Northern Ireland's senior coroner has asked the Public Prosecution Service to consider if a soldier who killed a Derry teenager should be prosecuted.
John Leckey made the request after an inquest jury found that Daniel Hegarty posed no threat when he was shot dead by the soldier in Creggan in 1972.
He said it was the appropriate course of action given the jury's verdict.
The coroner is legally bound to refer cases to the PPS where it appears an offence has been committed.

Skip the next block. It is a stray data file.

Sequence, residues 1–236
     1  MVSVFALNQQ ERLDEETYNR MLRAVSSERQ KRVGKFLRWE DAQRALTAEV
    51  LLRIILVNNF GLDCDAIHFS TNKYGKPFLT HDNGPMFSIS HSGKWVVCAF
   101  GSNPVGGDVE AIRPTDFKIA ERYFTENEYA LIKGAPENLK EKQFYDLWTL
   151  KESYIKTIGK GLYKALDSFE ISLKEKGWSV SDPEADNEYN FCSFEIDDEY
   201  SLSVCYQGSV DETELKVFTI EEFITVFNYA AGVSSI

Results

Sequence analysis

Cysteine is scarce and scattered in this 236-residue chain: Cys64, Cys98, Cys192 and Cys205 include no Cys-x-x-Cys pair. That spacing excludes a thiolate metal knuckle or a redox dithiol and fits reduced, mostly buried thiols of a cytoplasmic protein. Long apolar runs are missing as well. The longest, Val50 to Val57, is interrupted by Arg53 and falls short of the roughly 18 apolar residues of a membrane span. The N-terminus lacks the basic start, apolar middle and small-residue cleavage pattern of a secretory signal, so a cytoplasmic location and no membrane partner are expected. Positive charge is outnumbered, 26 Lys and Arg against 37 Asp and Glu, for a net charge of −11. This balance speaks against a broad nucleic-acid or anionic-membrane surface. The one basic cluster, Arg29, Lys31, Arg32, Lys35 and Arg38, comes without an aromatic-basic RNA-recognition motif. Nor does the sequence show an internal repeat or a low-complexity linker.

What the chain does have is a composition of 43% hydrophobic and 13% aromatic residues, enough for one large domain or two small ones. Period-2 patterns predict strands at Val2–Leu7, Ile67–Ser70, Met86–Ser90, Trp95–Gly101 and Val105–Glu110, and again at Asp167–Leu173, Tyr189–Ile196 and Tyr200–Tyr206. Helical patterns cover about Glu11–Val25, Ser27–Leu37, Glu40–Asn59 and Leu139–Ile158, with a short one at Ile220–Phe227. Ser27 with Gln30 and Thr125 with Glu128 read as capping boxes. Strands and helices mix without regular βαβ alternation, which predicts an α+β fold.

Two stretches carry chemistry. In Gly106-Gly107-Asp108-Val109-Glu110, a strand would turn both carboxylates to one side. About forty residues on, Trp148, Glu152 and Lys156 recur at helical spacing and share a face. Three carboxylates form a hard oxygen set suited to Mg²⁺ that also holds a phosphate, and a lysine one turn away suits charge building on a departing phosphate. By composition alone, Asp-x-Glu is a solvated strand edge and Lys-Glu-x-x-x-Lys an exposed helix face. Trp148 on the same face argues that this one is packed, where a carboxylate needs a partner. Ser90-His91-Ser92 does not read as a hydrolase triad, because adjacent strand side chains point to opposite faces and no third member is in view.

Daniel, who was a labourer, was shot twice in the head by a soldier close to his home in Creggan. His cousin, 16-year-old Christopher, was shot in the head by the same soldier but survived.
The shootings happened during Operation Motorman in July 1972.
Earlier this month, the jury rejected claims that warnings had been shouted to the two teenagers before they were shot.
The operation was aimed at reclaiming "no go areas" in the city from the IRA.
The jury also found that none of the soldiers present attempted to "approach the injured youths to either search them or provide medical assistance".
Following the verdict, the solicitor for the Hegarty family, Des Doherty, said the record had now been "set straight".